Complete: Monitoring sugar beet storage

Timescale: 2012 - 2016
Project Lead: Colin Walters
Project Sponsor: BBRO

Project Summary

The project will re-evaluate sugar losses during storage to take account of modern 'whole beet' recovery practices and the increasing use of A-shaped storage clamps.

Main Objectives

Two recent changes in beet delivery practice, require the losses of sugar during storage to be re-evaluated.  These are the introduction of 'whole beet' delivery and the greater use of self-propelled, high throughput cleaner/loaders that need a different shape of clamp. 'Whole beet' delivery practices mean more crown and green leaf material will be put into beet stores with the potential to increase sugar losses through sprouting and increased clamp temperatures .  The losses could, however, be partially offset by the beet having a much smaller topping scar which offers less opportunity  for sugar to be respired from damaged tissues. The new self-propelled, high-throughput cleaner/loaders require long A-shaped clamps which have a much greater surface area to volume ratio and very different temperature profiles than conventional, rectangular clamps.  The effects of these two factors may well be exacerbated by many more growers opting to lift and store their beet following their experiences during the latter part of the 2010/11 growing season and the impact of frosts.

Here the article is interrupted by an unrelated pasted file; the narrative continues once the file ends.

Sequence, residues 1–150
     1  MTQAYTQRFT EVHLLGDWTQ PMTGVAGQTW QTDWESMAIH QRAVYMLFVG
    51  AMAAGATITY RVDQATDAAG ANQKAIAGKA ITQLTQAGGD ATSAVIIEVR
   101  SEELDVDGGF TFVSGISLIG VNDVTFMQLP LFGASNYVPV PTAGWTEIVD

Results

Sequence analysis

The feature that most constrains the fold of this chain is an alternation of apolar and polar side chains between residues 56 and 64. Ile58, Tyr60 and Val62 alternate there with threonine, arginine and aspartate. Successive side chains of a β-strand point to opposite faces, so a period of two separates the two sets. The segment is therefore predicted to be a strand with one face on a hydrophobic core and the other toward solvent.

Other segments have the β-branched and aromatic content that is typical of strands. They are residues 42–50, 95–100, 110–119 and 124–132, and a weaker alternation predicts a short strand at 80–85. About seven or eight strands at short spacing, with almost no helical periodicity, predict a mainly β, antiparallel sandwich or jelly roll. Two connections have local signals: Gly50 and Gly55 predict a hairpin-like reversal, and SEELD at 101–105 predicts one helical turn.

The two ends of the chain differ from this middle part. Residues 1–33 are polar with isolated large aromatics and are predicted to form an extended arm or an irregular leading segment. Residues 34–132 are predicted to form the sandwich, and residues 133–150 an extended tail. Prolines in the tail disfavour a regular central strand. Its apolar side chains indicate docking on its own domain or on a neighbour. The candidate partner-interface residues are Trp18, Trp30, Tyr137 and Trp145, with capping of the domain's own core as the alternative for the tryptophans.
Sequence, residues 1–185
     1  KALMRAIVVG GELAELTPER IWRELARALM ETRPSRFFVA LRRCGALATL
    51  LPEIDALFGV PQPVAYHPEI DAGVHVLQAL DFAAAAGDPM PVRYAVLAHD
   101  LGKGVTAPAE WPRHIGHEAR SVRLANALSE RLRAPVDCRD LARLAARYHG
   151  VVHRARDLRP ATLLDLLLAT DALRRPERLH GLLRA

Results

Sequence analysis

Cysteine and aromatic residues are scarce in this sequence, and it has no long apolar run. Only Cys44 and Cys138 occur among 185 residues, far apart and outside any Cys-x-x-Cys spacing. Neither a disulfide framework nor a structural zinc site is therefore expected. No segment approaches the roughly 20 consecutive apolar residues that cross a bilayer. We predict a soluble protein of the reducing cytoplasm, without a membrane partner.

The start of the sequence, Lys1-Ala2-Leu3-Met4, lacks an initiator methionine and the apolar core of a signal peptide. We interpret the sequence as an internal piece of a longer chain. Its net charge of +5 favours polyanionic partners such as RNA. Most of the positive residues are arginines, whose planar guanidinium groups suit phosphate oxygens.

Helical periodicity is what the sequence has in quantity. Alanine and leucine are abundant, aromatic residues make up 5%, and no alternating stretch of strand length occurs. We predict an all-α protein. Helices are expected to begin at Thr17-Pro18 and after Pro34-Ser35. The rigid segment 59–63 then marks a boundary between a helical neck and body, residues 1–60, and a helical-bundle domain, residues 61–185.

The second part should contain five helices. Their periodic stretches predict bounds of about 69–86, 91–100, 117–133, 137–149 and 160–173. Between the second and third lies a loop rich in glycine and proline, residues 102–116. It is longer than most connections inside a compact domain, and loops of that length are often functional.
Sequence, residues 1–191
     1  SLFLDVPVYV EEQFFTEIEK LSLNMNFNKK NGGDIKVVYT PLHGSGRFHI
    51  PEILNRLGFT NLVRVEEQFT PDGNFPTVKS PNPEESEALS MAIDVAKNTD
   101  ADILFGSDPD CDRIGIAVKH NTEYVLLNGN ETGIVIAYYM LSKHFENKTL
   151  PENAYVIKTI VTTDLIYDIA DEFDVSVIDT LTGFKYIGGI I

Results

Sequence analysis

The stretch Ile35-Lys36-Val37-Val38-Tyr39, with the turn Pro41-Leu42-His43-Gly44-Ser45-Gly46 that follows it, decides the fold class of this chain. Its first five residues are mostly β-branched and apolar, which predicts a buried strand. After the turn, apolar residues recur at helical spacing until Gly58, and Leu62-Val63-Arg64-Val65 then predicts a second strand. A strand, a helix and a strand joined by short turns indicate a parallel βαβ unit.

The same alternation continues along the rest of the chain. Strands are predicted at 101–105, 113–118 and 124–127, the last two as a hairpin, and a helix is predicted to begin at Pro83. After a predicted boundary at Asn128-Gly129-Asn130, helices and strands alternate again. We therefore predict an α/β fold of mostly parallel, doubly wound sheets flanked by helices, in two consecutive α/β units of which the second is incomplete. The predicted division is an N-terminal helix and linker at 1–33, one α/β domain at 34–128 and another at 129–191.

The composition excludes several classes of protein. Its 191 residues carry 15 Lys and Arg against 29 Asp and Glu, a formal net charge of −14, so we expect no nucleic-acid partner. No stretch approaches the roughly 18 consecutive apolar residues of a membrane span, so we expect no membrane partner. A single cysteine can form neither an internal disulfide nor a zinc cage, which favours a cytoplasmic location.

Latest Report

Outcomes / Key Message For Growers And Industry

This project has reinforced previous findings:

  • Higher temperatures result in higher losses, and so storing beet in autumn can exacerbate this
  • The longer the beet is stored for, the more sugar is lost
  • Losses largely range between 0.08% and 0.14%/day
  • There is no evidence to suggest there is a difference between the effects of Maus and Conventional Clamps on losses


There has been no significant scientific findings from this project to date and whilst the project was due to continue a further year, the planned shortened campaigns for 2015 and 2016 reduce the prospect of comparable data.  The project is therefore closed as of 1st October 2015.

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BBRO is a not for profit making company.
We are set up jointly by British Sugar plc and the National Farmers' Union.

British Sugar
National Farmers' Union